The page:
Catering to the Nutraceutical Market
Giving Your Hotel’s F&B a New Health Kick
By Larry Mogelonsky , Owner of Hotel Mogel Consulting Limited and the founder of LMA Communications Inc.
We are what we eat. What we eat affects our emotions, our energy levels, our immune systems, our physical strength, how quickly we age and even how intelligent we are. New dietary research continues to reaffirm these correlations and people the world over are slowly waking up to the fact that feeding the body high octane fuel is a lifestyle choice with astounding benefits.
Trends Keep Changing
A decade ago, dairy was great for you; now it's chock full of bad sugars, allergens and hormones. Fat used to be the enemy, now it's carbs. Unless you have a degree in nutrition or physiology, comprehending the differences between all these dietary regimens is downright perplexing…and intimidating.
One thing is for certain: with demand for healthy food increasing, it's time to update and redefine your hotel's F&B program with a marketable 21st century spin.
This isn't a survey article to review all these movements and the benefits of specific nutrients. Rather, understand that new age diets are rapidly gaining popularity, and that, while it's incredibly hard to appeal to all of these discerning consumer groups in addition to us 'normal eaters', you still have to do something to appease this burgeoning, wellness-focused market.
People want healthy options, so give them what they want! With this goal in mind, let's tackle another side of the healthy eating coin – nutraceuticals.
"What does that mean?" you say. The word 'nutraceutical' is a portmanteau of 'nutrition' and 'pharmaceutical', and for the purposes of our discussion this neologism will denote foods at the intersection of both these terms. If the argument that 'you are what you eat' holds true, then it would be prudent of you to think of foods as medication. Another buzz term, functional foods are natural foods enriched with additive minerals, vitamins or healthy fats through the aptly named process of 'nutrification'. Two basic examples of this are milk fortified with vitamin D and yogurt with probiotics. Viewed with a marketing sensibility, this nutrification gives brands one more selling feature for their staple foods (until their competitors copy them that is!).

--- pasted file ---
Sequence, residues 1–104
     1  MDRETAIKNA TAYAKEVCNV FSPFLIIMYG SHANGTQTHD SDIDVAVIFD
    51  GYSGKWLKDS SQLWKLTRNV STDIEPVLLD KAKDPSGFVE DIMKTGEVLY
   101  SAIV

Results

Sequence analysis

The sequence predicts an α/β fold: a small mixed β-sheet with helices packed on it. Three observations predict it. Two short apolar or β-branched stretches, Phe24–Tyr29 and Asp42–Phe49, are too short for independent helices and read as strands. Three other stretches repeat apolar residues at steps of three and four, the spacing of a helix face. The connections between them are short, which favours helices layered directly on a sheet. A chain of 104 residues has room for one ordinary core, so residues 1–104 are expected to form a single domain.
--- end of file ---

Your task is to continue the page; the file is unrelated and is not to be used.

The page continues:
The other related word that might pop out in your head is supplements. Traditionally associated with the more athletically inclined community, everything from whey powder and multivitamins to berry extracts and glucosamine chondroitin are consumed on a daily basis by millions of 'regular' people. This utilization now amounts to a billion dollar industry, meaning that any activity you generate in this regard might not be as foreign a concept as you think.
Why Nutraceuticals Over Other Dietary Trends?
The reason for considering a nutraceutical menu redesign at one or more of your property's F&B outlets is that it can potentially make for a far easier implementation when compared to some of the other dietary movements. For instance, adding a vegetarian burger to the menu (when done right) requires you to source the proper raw ingredients then make the patties from scratch prior to lining them up for the grill. This multistep process might be a tad trickier to put into practice than, say, using Omega-3 eggs or replacing the lettuce in your homemade coleslaw with kale.
You might also want to look to the successes of, amongst others, the Vitamin Water and Booster Juice brands. The former entered the market as a direct competitor to the powerhouse that is Gatorade, only they explicitly advertised their nutritional enhancements – in most cases, simply coupling a vitamin with a mineral – in big, clear lettering on the bottle label. Booster Juice, as a purveyor of blended fruits and vegetables, already has a rather health-conscious product slate. But the franchise also offers nutraceutical 'boosters' to augment the customer satisfaction with each smoothie and to further differentiate the brand.